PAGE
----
Trump decries 'Fake Poll' showing his approval rate in the 30s

President Donald Trump and the latest ABC News/Washington Post poll.

That economic anxiety has helped push Trump's job approval numbers down from 44 percent in July to just 38 percent in September, the poll found.

In addition, 6 in 10 Americans surveyed believed a recession is likely to hit the US next year.

Another finding that could be cause for worry at the White House: 43 percent of those surveyed said U.S. trade and economic policies have increased the chance of recession next year, compared to 16 percent who thought that to the contrary they have made recession less likely.

The president wasted little time disputing the poll's results.

The approval rating for the president in relation to the economy also dipped down below half to 48 percent, while his approval for other policies sank below the 40s.

"We have great internal polling, there were fake polls released by somebody that is - it is ridiculous".

Xi reportedly went on to complain to Abe about how the Trump administration has continued to lambaste China at every turn for supporting state-owned companies with subsidies while "the also supporting Boeing with subsidies", in reference to the Chicago-based plane builder. Only 42 percent of white women approved of Trump.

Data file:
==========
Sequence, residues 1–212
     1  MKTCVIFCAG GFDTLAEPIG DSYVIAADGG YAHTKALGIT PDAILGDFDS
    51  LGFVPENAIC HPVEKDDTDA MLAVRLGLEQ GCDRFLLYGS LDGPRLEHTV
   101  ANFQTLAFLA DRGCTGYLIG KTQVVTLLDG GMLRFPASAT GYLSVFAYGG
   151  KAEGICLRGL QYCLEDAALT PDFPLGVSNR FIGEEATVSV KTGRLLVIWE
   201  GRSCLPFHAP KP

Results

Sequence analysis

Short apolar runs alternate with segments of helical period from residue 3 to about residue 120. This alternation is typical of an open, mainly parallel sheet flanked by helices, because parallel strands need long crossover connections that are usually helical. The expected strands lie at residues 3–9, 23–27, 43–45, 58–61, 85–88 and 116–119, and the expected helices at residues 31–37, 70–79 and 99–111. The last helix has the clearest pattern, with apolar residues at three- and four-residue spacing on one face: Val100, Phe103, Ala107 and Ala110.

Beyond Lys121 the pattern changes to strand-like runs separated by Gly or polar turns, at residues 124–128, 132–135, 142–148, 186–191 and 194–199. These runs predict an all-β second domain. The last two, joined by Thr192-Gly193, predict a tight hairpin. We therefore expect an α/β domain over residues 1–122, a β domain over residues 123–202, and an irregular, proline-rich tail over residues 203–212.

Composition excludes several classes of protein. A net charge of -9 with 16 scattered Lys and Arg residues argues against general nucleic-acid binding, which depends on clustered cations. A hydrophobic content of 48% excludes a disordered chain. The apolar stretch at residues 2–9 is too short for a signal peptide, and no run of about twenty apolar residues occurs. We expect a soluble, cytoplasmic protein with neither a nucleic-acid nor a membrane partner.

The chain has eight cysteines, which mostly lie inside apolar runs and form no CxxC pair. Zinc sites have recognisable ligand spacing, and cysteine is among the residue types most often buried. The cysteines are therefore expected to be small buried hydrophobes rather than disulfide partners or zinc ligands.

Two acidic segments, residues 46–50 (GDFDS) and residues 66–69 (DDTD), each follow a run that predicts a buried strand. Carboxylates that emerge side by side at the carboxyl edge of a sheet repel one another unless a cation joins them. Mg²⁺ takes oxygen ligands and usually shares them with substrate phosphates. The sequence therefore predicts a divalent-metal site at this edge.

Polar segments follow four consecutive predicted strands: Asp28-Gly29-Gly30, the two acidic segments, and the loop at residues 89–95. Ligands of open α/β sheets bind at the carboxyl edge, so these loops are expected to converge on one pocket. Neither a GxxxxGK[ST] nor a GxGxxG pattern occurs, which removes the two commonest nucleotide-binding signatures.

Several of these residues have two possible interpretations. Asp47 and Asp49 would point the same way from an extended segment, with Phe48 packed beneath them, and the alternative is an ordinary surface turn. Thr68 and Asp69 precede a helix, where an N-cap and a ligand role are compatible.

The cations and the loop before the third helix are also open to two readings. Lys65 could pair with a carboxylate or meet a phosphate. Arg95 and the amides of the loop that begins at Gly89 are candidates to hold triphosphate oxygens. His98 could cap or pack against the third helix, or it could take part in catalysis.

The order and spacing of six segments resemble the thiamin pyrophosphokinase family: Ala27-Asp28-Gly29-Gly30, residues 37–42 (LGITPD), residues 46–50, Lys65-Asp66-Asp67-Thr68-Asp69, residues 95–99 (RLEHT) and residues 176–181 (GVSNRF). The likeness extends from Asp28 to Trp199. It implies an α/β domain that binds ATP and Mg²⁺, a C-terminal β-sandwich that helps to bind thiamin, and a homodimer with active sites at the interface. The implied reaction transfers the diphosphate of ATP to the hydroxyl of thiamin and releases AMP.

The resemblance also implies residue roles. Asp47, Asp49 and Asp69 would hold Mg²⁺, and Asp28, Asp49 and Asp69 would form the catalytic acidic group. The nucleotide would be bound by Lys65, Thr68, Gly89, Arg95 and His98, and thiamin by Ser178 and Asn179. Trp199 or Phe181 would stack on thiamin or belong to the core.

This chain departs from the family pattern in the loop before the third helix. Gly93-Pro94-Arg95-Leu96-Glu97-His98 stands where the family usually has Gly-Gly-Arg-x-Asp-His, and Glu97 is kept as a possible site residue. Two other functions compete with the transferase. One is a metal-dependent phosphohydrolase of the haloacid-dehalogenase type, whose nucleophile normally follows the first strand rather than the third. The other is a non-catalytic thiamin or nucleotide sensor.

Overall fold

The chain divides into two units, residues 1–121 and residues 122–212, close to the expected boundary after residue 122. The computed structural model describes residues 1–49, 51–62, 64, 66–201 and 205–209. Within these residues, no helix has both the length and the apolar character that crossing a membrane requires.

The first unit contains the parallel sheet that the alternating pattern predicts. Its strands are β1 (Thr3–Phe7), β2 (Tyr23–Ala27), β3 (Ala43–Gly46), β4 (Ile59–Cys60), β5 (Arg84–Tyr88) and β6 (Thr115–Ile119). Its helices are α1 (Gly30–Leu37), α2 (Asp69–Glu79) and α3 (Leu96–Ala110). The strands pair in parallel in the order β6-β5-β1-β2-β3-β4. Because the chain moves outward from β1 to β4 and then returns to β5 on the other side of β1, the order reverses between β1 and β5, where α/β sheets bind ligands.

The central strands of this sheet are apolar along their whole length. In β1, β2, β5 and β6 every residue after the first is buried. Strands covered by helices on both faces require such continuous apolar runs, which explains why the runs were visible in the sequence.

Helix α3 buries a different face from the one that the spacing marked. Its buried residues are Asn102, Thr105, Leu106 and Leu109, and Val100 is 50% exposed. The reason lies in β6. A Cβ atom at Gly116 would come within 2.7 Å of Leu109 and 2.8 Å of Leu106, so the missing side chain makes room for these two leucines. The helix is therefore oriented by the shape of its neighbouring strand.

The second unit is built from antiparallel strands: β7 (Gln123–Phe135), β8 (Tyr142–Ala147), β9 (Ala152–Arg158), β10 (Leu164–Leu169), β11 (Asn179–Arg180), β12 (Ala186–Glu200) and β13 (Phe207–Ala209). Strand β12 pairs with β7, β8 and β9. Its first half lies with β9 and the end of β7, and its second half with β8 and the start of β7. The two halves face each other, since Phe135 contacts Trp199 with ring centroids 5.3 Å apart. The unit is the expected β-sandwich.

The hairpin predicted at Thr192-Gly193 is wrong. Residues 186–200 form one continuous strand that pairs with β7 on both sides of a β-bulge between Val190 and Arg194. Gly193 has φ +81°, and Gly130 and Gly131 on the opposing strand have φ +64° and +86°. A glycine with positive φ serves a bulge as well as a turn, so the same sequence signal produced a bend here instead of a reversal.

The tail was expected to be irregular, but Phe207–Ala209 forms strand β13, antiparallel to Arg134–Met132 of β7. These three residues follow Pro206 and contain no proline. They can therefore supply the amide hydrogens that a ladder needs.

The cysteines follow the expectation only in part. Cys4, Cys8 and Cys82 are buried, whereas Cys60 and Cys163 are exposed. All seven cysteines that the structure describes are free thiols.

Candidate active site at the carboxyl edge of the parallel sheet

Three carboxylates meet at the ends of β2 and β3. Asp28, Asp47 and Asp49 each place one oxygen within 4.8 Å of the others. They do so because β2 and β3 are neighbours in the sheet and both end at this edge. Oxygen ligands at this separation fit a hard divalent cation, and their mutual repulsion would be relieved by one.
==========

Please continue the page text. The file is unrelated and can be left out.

With doubts continuing to fester about his reelection chances, the president reiterated his assurances days later.

Just last week, another round of tariffs on Chinese imports went into effect, placing duties on almost all goods imported into the US, with another round coming on December 15 so as not to put a damper on consumer spending over the holidays.

Trump has often touted America's strong economy as one of his main accomplishments throughout his presidency.

Although 56 percent of those surveyed judged the state of the economy to be "excellent" or "good", that is down sharply from a year ago when those favorable ratings stood at 65 percent. While most of the final polls taken ahead of Election Day showed Clinton ahead of Trump by a margin of 3 to 6 percentage points, only Monmouth University's 6 point lead fell outside of the margin of error.

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